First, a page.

Michigan bills would allow driver's license, ID cards for undocumented people

Lawmakers have introduced bills to grant access to ID cards and driver's licenses to undocumented immigrants multiple times in recent years, but the proposals have not been granted a hearing or vote. - MICHIGAN.GOV
Michigan.gov
Lawmakers have introduced bills to grant access to ID cards and driver's licenses to undocumented immigrants multiple times in recent years, but the proposals have not been granted a hearing or vote.

Undocumented people in Michigan would regain the right to apply for a driver's license or ID card, if two bills introduced Tuesday in the state Senate were to pass.

They're called the Drive SAFE bills, which stands for Safety, Access, Freedom and the Economy.

Sainavya Upparapalle, a 17-year-old member of Michigan's immigrant community from Troy, said the current rules are a huge burden on families such as hers, because her driver's license became invalid when the family's visa came up for renewal.

"I can't go out to get groceries. I can't go out at all. I can't go to school because I can't drive anymore," Upparapalle explained. "And, you know, these are small things, but they make such a huge change in our lives."

Opponents have said giving government IDs to undocumented people would undermine immigration laws. Supporters argued everyone is safer on the road when all drivers have access to training, licensing tests and insurance.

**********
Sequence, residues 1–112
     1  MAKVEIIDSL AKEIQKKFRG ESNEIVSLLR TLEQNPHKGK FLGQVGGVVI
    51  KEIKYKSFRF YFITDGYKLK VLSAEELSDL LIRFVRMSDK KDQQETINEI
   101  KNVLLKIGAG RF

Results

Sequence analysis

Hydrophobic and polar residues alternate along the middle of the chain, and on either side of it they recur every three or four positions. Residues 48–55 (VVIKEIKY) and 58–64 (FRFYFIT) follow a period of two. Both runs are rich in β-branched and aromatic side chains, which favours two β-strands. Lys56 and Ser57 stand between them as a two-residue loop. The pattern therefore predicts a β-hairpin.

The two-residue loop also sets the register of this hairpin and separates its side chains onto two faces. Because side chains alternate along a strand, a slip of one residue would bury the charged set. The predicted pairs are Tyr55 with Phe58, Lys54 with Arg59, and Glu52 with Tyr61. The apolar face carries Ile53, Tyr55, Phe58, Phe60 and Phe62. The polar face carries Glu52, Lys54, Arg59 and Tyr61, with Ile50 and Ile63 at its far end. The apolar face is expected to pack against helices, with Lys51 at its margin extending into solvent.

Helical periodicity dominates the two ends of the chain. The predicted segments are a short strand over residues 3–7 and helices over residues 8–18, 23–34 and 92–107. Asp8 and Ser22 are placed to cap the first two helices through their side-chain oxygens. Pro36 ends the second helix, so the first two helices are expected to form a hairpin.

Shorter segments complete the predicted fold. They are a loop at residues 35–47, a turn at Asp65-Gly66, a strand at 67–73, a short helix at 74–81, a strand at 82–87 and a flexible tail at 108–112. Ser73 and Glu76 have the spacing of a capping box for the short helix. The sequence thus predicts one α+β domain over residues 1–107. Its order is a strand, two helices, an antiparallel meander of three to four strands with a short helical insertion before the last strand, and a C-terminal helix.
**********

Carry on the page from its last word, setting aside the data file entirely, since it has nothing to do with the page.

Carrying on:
Rep. Rachel Hood, D-Grand Rapids, is a co-sponsor of the Michigan House version of the bills, set to be introduced next week.

"Immigrants touch all sectors of our economy, from agriculture and manufacturing to hospitality, health care, construction and more," Hood outlined. "Immigrants are employers, taxpayers, homeowners, and they're our neighbors, family members and friends."

Rob Steffens, owner of Steffens Orchard Market in Sparta, said agriculture depends on immigrant workers.

"We need this population," Steffens contended. "It's important for us, for our economy. It's in the best interest of everybody including the taxpayer to have people be able to drive legally."

Senate Bill 433 and Senate Bill 434 would grant an estimated 100,000 people the right to apply for a driver's license and state ID card, a right that existed in state law prior to 2008. Eighteen other states and territories have already passed similar measures.

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